COVID – 19 LOCKDOWN: DISMISSAL OF EMPLOYEES WHO REFUSE TO CARRY OUT THE EMPLOYERS LAWFUL AND REASONABLE INSTRUCTION TO RETURN TO WORK UNDER THE LOCKDOWN – SUBSTANTIVELY FAIR
EMPLOYEES NOT GIVEN THE OPPORTUNITY TO MITIGATE AGAINST SANCTION – PROCEDURALLY UNFAIR.
What does an employer do when an employee refuses to physically return to work under the lockdown? The CCMA had to deal with such a case in Botha v TVR Distribution  12 BALR 1282 (CCMA).
Botha was a sales executive of the employer. He was dismissed for insubordination and gross insolence for refusing to attend physically at work during the lockdown. The Employer had informed Botha that it had applied to CIPC to allow it to operate as an essential service during the lockdown.
Botha submitted a list of reasons as to why he could not attend at the premises of the employer, amongst those, were that he did not have a permit to attend to work and that there wasn’t any PPE (personal protective equipment). As such, level 5 lockdown regulations did not permit him to return to work and he would not go against the law.
The CCMA Commissioner found this not to be true. The commissioner found that the CIPC certificate was sufficient to allow Botha to travel during the lockdown and the employer had the necessary PPE and had taken the necessary safety precautions for him to return to work. It was Mr Botha who did not have any intention to return to work and he clearly refused to report to duty.
The Commissioner found that in terms of Item 3(4) of Schedule 8 Code of Good Practice: Dismissal states that “generally, it is not appropriate to dismiss an employee for a first offence, except if the misconduct is serious and of such gravity that it makes a continued employment relationship intolerable”.
What is apparent from this case is that a refusal to attend work under the lockdown can be regarded as a serious misconduct to render the employment relationship intolerable. The Commissioner further held “employees are obliged to respect and obey their employers because lack of respect renders the employment relationship intolerable and disobedience undermines the employer’s authority.”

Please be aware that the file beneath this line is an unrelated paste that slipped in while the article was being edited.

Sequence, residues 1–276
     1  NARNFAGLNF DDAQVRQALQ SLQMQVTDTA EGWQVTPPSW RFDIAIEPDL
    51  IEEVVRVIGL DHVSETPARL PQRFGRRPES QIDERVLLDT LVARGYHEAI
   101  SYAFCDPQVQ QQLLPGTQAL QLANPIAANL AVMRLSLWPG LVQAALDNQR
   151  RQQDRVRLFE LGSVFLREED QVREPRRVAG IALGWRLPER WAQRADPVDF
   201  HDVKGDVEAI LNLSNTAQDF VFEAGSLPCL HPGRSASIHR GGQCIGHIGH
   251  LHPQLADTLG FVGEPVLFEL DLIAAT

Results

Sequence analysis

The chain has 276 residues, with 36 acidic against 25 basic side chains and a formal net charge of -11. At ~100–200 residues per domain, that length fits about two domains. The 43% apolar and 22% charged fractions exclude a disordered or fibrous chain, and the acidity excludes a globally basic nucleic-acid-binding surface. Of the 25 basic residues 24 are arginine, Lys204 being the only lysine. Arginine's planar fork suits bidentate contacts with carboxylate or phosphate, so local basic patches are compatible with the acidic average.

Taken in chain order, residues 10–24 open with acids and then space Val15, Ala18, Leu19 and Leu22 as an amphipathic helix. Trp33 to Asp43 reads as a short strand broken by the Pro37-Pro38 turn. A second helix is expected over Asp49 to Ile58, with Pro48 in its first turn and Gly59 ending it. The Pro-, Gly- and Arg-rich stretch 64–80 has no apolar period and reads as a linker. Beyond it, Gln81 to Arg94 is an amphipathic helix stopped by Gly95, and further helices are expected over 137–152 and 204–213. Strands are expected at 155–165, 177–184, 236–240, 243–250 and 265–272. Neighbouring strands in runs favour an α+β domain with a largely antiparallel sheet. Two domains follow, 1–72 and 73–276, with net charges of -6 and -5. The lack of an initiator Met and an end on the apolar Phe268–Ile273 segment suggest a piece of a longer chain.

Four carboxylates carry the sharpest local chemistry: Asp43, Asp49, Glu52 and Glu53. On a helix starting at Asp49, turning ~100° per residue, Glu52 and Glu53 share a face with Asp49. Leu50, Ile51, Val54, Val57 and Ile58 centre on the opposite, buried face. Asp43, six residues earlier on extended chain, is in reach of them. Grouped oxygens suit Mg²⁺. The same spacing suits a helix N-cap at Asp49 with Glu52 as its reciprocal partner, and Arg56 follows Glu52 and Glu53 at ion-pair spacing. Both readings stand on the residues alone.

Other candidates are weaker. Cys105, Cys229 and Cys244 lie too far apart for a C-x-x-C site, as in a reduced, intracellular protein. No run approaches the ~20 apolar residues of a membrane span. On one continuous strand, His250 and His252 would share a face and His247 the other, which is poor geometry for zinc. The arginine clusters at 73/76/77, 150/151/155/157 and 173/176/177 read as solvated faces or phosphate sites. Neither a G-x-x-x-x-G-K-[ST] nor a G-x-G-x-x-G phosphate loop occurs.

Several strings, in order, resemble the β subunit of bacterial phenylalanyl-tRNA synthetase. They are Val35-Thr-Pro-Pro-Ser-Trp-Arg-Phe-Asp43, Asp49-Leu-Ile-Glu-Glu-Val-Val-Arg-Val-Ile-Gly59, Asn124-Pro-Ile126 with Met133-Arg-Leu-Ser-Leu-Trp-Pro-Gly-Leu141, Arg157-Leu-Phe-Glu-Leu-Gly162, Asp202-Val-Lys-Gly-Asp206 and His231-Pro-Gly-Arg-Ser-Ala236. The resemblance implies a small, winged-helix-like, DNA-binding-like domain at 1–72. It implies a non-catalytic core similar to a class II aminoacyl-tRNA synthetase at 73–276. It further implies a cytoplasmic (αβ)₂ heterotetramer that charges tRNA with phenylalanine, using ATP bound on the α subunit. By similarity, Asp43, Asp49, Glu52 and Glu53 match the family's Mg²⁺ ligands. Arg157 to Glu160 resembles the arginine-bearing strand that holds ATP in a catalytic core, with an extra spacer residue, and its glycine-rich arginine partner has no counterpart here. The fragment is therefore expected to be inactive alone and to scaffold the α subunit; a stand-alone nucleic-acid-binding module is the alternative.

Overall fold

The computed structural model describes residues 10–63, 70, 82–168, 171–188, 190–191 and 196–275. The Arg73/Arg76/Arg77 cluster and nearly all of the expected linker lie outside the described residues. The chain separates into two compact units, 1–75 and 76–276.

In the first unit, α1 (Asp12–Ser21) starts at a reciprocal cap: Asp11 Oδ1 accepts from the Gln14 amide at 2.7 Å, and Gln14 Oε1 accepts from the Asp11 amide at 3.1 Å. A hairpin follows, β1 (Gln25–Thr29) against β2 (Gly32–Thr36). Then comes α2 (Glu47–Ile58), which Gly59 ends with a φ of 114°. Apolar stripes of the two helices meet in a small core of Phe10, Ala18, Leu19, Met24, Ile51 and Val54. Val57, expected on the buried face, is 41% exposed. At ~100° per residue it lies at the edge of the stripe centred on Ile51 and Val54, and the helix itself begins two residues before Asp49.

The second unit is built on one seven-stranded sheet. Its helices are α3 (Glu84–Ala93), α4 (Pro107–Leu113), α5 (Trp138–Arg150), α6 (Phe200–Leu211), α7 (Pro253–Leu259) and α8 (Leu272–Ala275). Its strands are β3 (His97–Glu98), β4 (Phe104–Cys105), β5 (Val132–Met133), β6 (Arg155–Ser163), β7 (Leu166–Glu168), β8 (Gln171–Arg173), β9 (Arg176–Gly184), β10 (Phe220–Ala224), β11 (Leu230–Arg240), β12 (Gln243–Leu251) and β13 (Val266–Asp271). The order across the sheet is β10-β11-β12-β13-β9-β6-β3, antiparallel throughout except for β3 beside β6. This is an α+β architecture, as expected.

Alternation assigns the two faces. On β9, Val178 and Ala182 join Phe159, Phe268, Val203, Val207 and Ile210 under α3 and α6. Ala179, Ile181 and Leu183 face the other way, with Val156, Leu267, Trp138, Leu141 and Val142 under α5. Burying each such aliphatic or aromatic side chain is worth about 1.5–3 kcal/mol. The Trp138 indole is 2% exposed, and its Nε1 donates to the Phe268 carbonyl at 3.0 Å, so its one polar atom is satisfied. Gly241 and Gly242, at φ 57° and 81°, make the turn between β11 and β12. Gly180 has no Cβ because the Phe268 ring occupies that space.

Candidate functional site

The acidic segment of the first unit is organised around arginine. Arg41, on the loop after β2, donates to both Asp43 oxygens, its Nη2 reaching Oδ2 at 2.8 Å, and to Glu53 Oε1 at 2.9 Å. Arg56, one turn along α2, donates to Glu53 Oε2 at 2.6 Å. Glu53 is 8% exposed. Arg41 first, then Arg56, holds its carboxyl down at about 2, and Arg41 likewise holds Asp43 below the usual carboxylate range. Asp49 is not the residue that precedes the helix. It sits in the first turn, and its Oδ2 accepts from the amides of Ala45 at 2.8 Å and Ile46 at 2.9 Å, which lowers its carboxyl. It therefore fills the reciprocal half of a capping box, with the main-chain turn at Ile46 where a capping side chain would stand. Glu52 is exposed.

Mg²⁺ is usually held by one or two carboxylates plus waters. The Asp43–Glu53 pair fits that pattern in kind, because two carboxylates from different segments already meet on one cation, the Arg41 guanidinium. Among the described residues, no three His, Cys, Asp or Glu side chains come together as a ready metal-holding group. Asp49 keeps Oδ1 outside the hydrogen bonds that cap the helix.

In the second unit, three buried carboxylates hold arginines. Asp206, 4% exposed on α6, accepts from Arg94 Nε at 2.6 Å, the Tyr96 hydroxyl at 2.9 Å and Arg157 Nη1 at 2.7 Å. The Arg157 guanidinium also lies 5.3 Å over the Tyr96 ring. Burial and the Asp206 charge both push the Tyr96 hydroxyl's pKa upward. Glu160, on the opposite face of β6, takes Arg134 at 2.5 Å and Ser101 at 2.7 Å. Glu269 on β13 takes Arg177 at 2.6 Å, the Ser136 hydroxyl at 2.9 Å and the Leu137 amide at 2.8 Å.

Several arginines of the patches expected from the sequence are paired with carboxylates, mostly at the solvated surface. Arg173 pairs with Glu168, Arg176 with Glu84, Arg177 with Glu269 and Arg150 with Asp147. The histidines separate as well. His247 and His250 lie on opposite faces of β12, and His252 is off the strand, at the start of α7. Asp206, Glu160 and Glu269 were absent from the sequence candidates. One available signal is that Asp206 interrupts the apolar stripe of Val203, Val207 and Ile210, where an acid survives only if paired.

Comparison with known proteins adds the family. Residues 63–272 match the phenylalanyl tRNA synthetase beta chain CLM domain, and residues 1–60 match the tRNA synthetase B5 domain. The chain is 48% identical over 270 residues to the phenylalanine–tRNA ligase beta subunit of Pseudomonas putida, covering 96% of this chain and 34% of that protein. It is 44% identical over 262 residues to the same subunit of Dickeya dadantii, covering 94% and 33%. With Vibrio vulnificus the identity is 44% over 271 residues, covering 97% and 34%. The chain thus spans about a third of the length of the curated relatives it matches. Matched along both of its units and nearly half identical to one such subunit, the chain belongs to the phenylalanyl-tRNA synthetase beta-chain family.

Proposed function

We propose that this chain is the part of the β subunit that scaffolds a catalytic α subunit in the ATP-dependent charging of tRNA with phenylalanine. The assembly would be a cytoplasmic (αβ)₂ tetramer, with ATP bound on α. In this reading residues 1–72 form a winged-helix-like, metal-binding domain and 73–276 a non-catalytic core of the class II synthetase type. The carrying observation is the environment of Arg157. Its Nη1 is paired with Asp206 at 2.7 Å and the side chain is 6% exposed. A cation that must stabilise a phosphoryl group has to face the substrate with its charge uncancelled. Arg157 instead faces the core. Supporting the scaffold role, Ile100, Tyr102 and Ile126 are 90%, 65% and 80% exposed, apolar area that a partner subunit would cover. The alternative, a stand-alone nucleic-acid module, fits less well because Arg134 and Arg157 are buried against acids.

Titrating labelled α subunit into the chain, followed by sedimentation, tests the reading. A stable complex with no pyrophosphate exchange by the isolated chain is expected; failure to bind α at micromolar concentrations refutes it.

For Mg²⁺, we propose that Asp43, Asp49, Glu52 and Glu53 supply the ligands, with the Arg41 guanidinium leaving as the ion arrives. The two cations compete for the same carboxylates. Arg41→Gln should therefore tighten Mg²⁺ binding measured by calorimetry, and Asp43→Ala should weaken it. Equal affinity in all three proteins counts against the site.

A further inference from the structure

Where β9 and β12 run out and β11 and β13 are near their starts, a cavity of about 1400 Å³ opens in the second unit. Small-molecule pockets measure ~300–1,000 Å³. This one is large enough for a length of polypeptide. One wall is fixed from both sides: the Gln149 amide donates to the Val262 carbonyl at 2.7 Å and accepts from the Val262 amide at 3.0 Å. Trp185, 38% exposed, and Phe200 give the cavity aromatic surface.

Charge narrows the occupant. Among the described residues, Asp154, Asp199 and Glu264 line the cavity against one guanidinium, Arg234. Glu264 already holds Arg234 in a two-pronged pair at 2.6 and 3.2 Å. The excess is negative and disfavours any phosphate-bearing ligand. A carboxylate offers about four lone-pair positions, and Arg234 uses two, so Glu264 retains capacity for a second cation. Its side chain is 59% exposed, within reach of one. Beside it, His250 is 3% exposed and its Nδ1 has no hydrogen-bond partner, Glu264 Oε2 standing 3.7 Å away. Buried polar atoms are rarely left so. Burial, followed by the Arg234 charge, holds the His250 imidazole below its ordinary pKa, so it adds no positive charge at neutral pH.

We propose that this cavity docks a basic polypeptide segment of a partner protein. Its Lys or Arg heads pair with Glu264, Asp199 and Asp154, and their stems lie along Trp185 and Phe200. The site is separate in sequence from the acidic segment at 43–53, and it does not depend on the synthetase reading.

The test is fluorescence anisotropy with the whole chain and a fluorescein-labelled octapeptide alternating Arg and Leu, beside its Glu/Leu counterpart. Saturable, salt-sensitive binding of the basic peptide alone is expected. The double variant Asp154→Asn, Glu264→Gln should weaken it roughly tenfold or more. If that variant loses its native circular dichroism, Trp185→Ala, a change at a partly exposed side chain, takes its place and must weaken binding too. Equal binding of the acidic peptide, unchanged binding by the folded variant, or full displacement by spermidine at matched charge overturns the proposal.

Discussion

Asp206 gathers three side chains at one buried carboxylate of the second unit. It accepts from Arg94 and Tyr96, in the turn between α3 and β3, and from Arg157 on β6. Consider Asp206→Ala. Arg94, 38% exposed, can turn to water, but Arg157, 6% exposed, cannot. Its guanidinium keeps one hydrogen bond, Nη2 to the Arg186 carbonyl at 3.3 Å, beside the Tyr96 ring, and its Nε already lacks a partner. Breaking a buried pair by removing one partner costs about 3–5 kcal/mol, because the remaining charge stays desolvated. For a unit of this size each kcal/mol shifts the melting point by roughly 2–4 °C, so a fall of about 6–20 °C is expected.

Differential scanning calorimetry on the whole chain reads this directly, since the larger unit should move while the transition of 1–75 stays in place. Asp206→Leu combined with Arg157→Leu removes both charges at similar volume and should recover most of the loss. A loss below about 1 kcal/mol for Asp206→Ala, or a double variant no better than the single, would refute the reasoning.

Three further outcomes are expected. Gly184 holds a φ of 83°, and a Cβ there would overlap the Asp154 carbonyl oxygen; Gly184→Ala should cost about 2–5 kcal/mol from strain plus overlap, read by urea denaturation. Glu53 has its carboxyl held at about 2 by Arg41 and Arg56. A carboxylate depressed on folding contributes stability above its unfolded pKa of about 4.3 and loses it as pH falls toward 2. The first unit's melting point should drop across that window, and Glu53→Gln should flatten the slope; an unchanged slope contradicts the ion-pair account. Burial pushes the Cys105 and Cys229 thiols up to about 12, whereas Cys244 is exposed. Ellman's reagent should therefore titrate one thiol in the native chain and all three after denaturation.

The Commissioner therefore found Botha’s dismissal to be substantively fair. Turning on the procedural fairness of the dismissal, the commissioner held that Item 3(5) of Schedule 8 states that “when deciding whether or not to impose the penalty of dismissal, the employer should in addition to the gravity of the misconduct, consider factors such as the employee’s circumstances (including length of service, previous disciplinary record and personal circumstances), the nature of the job and the circumstances of the infringement itself”.
In this instance, Mr Botha was not given an opportunity to provide mitigating factors for his conduct. The Commissioner further held that the presiding chairperson and Mr Botha had previous “run-ins”. The presiding officer could therefore have formed a negative opinion of Mr Botha prior to the hearing. In this case however, Mr Botha had a history of insubordination and insolence which contributed to the decision of dismissal.
In light of these findings, the Commissioner ruled that the dismissal was procedurally unfair. The employer was ordered to pay one month’s salary to Mr Botha as compensation for the procedural unfairness. Employees must take heed of the employer’s lawful and reasonable instruction for them to physically return to work under the lockdown.
The conduct of an employee who flouts the authority of the employer to return to work – can be regarded as serious enough to render the employment relationship intolerable and cause the dismissal to be substantively fair. Employees must be given an opportunity to state their reasons as to why dismissal is not an appropriate sanction, failing this opportunity, employers may face having to compensate an employee for not doing so.